Other scholars have noted similarities between the Pashtun's ancient tribal code, the Pashtunwali, and Jewish traditions.
While DNA studies have provided limited evidence to back up these assertions, a 2017 article in the journal Mitochondrial DNA did find there to be "a genetic connection of Jewish conglomeration in Khattak tribe," one of the Pashtun clans.
And although the Taliban have done a great deal to erase any trace of their pre-Islamic history, the tradition refuses to die.
As Hebrew University anthropologist Dr. Shalva Weil has noted regarding the Pashtuns' link with the lost tribes of Israel, "There is more convincing evidence" about them than anybody else.
This fascinating historical curiosity, however, should not blind us to the fact that the Taliban are viciously anti-Israel and no Pashtuns are known to have shown any public interest in returning to their Jewish roots.
Indeed, as Dr. Be'eri has argued, even if the Pashtuns are biologically and historically connected with the people of Israel, it still does not mean that "tomorrow they will convert to Judaism and come to live in the Land of Israel."
Merely talking about "mass conversion and migration of millions of Pashtuns from Afghanistan and India into the State of Israel," he has written, could damage prospects for building greater regional cooperation and understanding.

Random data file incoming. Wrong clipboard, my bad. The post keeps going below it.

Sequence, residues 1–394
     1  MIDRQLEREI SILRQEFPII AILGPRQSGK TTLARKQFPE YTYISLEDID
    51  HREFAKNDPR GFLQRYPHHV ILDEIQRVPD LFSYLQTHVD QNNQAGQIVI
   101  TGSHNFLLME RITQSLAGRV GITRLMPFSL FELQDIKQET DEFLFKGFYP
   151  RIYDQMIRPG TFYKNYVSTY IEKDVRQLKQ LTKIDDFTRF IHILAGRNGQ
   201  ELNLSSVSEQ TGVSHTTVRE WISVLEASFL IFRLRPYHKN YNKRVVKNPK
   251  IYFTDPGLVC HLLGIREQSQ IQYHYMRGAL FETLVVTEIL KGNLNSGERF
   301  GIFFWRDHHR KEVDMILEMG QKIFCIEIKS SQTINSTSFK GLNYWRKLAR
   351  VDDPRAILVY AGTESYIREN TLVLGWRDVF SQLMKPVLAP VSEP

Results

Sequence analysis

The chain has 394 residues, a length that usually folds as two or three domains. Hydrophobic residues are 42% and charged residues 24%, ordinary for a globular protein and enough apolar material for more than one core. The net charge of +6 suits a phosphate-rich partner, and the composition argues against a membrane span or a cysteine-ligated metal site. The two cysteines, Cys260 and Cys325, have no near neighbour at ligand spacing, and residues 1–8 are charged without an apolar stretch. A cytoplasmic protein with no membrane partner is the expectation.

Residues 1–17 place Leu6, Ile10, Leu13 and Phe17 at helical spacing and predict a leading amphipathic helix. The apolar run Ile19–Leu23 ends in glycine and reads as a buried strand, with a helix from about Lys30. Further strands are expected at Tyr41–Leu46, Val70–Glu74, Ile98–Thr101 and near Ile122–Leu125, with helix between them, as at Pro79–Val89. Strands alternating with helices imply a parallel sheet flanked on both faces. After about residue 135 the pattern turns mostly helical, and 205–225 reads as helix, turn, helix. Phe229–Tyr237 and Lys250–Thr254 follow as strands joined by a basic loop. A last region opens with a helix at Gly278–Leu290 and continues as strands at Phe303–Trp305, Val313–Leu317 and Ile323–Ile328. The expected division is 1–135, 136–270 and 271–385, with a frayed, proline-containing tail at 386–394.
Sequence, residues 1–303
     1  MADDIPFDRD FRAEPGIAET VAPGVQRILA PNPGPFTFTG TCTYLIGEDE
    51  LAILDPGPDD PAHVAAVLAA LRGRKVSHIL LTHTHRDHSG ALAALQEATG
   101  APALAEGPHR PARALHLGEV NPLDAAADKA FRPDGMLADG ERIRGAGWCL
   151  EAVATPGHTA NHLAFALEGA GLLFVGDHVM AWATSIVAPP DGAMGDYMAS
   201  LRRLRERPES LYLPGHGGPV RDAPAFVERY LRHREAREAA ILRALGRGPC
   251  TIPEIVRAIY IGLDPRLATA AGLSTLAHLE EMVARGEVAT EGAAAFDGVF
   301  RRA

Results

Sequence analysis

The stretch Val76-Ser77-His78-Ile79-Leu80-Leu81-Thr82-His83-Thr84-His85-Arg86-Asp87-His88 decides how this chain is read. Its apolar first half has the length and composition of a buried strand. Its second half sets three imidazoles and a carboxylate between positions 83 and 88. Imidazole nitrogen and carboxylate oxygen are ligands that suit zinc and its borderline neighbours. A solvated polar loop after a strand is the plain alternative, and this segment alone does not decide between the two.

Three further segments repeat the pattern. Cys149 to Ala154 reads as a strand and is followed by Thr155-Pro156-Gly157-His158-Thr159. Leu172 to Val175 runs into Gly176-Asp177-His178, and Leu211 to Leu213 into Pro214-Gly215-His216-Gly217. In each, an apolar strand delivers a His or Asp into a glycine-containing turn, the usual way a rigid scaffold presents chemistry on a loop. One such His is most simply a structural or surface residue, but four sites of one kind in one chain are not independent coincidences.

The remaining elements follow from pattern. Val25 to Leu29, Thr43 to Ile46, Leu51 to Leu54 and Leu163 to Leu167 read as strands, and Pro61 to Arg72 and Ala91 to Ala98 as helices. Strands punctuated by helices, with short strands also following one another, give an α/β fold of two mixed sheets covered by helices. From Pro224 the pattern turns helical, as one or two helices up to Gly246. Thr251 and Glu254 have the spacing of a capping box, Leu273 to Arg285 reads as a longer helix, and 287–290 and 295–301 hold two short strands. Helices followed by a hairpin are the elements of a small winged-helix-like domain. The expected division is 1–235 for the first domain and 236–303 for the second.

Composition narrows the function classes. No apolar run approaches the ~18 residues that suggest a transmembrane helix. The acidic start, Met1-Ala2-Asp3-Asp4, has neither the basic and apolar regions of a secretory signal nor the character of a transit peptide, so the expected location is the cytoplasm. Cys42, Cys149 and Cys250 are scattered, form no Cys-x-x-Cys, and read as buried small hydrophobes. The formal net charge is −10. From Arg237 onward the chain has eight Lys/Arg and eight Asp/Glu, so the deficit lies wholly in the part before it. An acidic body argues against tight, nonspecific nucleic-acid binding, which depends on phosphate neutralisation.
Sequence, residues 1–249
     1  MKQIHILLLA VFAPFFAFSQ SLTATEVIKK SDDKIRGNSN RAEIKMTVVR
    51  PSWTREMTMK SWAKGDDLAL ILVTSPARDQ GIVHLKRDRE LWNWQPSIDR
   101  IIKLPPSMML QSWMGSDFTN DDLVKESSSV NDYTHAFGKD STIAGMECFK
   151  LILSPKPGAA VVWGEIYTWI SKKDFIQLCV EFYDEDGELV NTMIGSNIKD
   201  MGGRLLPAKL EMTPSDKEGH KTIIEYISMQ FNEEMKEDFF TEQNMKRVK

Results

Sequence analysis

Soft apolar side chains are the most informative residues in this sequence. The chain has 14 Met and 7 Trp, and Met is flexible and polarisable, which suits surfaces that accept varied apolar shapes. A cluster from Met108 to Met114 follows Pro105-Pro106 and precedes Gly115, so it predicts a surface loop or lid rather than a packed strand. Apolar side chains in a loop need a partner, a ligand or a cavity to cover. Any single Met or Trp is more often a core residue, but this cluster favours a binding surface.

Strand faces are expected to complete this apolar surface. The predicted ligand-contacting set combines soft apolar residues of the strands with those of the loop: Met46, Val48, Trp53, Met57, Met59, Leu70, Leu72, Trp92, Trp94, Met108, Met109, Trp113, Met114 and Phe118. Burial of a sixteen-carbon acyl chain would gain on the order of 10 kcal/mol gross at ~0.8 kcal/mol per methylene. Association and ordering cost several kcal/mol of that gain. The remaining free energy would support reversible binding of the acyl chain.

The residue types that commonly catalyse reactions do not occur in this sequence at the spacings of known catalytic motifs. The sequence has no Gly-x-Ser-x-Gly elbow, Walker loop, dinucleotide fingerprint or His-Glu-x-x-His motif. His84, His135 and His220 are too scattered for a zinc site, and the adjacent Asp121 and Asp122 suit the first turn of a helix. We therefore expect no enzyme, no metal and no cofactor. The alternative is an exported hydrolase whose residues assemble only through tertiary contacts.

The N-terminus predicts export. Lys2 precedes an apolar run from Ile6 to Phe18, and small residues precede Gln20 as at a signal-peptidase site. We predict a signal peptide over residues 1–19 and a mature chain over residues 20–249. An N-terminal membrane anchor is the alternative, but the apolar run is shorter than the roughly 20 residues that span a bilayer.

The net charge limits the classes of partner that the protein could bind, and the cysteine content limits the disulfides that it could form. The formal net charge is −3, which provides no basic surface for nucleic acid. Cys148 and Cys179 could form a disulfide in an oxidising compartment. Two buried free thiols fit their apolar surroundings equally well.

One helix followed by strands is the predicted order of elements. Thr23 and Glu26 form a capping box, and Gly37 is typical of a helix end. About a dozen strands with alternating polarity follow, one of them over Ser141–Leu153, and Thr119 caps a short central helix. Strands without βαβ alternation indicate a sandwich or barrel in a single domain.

There are, of course, other theories regarding the origins of the Pashtuns as well as scholars who discount or reject the contention of an ancient Israelite connection. But given the Pashtuns' ancient civilization and far-flung diaspora, and their key political and demographic role in various parts of the Asian subcontinent, it would seem prudent for the Jewish people to seek out avenues of dialogue with them if and wherever feasible.
The mere possibility of a shared historical identity could serve as a basis for discussion between Jews and Pashtuns, one that could lead to a dampening of hostility and suspicion and perhaps lay the groundwork for a stronger relationship in the future.
In light of their fanatical theology, the Taliban are of course not an address for such efforts. But there are plenty of other Pashtuns worldwide with whom we should seek to build bridges, whether or not one believes them to be our long-lost cousins.